The following instruments of legislation are relevant to the successful functioning of the Department of Justice and Constitutional Development:
- Legislation providing for the establishment and functioning of the superior courts, magistrates’ courts and special courts: Constitutional Court Complementary Act, 1995 (Act 13 of 1995), the Supreme Court Act, 1959 (Act 59 of 1959), the Magistrates' Courts Act, 1944 (Act 32 of 1944), and the Small Claims Court Act, 1984 (Act 61 of 1984).
- Legislation providing for the appointment of judges and other judicial officers, the conditions of service, discipline and training: the Judges Remuneration and Conditions of Employment Act, 2001 (Act 47 of 2001), the Judicial Service Commission Act, 1994 (Act 9 of 1994) as amended, the South African Judicial Education Institute (SAJEI) Act, 2008 (Act 14 of 2008), and the Magistrates Act, 1993 (Act 90 of 1993).
- Legislation providing for the establishment and functioning of the National Prosecuting Authority (NPA), the Special Investigating Unit (SIU) and the Asset Forfeiture Unit (AFU); the conduct of criminal proceedings; the investigation of organised crime and corruption; and the forfeiture of assets obtained through illicit means: the National Prosecuting Authority Act, 1998 (Act 32 of 1998), the Criminal Procedure Act, 1977 (Act 51 of 1977), the Prevention of Organised Crime Act, 1998 (Act 121 of 1998), the Special Investigating Units and Special Tribunals Act, 1996 (Act 74 of 1996) and the Witness Protection Act, 1998 (Act 112 of 1998).
- Legislation providing for the establishment and functioning of bodies responsible for legal aid, law reform and rulemaking: the Legal Aid Act, 1969 (Act 22 of 1969), the South African Law Reform Commission (SALRC) Act, 1973 (Act 19 of 1973) and the Rules Board for Courts of Law Act, 1985 (Act 107 of 1985).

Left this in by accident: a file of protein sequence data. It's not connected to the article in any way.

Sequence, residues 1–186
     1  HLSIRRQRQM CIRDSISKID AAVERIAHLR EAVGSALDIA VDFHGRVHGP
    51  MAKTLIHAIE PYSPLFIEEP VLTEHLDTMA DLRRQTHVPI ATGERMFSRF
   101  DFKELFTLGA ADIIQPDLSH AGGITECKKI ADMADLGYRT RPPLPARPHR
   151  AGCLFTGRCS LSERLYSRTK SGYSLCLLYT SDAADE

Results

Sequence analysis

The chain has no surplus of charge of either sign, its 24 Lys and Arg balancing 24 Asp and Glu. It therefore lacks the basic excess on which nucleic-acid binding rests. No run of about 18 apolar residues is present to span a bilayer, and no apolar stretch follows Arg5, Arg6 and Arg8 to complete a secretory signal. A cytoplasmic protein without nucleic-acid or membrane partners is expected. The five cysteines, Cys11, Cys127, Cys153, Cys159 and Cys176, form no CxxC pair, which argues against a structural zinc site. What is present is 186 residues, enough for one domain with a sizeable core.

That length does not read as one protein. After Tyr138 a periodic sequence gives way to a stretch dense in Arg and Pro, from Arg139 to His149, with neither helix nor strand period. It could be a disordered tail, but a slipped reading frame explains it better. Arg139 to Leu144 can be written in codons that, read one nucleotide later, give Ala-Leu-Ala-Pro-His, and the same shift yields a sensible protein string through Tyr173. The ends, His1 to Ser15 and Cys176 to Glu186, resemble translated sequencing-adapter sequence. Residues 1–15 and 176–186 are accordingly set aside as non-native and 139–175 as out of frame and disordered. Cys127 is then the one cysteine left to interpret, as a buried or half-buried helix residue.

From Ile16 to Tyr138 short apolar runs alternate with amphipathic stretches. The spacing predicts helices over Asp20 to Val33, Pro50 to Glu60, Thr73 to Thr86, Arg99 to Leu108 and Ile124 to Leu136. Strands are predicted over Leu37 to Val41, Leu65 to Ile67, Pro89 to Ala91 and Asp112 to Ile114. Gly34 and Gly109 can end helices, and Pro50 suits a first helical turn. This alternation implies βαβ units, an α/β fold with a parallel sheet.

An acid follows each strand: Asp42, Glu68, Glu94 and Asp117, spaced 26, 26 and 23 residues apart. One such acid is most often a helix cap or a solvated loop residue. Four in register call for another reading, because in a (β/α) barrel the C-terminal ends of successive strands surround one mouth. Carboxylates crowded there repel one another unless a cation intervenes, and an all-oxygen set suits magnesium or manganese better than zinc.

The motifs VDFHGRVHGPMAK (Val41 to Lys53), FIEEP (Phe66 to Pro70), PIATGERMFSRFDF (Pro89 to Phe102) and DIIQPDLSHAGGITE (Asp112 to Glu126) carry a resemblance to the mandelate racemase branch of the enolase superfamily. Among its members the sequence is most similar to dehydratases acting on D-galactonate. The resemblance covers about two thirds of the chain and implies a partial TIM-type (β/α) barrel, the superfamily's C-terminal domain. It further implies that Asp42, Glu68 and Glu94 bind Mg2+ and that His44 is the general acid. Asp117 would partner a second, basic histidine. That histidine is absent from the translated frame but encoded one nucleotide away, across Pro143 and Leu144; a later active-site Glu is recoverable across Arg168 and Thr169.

- Legislation providing for the appointment of Masters of the High Court and the administration of the Guardian’s Fund and deceased and insolvent estates: the Administration of Estates Act, 1965 (Act 66 of 1965), and the Insolvency Act, 1936 (Act 24 of 1936).
- Legislation regulating the provisioning of legal advisory services to government departments: the State Attorney Act, 1957 (Act 56 of 1957).
- Legislation relating to the promotion, protection and enforcement of certain human rights: the Promotion of Administrative Justice Act, 2000 (Act 3 of 2000), the Promotion of Access to Information Act, 2000 (Act 2 of 2000), and the Promotion of Equality and Prevention of Unfair Discrimination Act, 2000 (Act 4 of 2000) better known as the Equality Act, 2000.
- Legislation pertaining to the protection of vulnerable groups: the Child Justice Act, 2008 (Act 75 of 2008), the Children's Act, 2005 (Act 38 of 2005), the Criminal Law (Sexual Offences and Related Matters) Amendment Act, 2007 (Act 32 of 2007), the Maintenance Act, 1998 (Act 99 of 1998), and the Domestic Violence Act, 1998 (Act 116 of 1998).
- Legislation providing support to Chapter 9 institutions: the Human Rights Commission Act, 1994 (Act 54 of 1994), and the Public Protector Act, 1994 (Act 23 of 1994).
- Legislation regulating the management and control of public expenditure: the Public Finance Management Act, 1999 (Act 1 of 1999).
- Legislation regulating operations in the Public Service: the Public Service Act, 1994 (Act 103 of 1994), as amended.
- Criminal Law (Sexual Offences and Related Matters) Amendment Act, 2012 (Act 6 of 2012)
- Criminal Procedure Amendment Act, 2012 (Act 9 of 2012)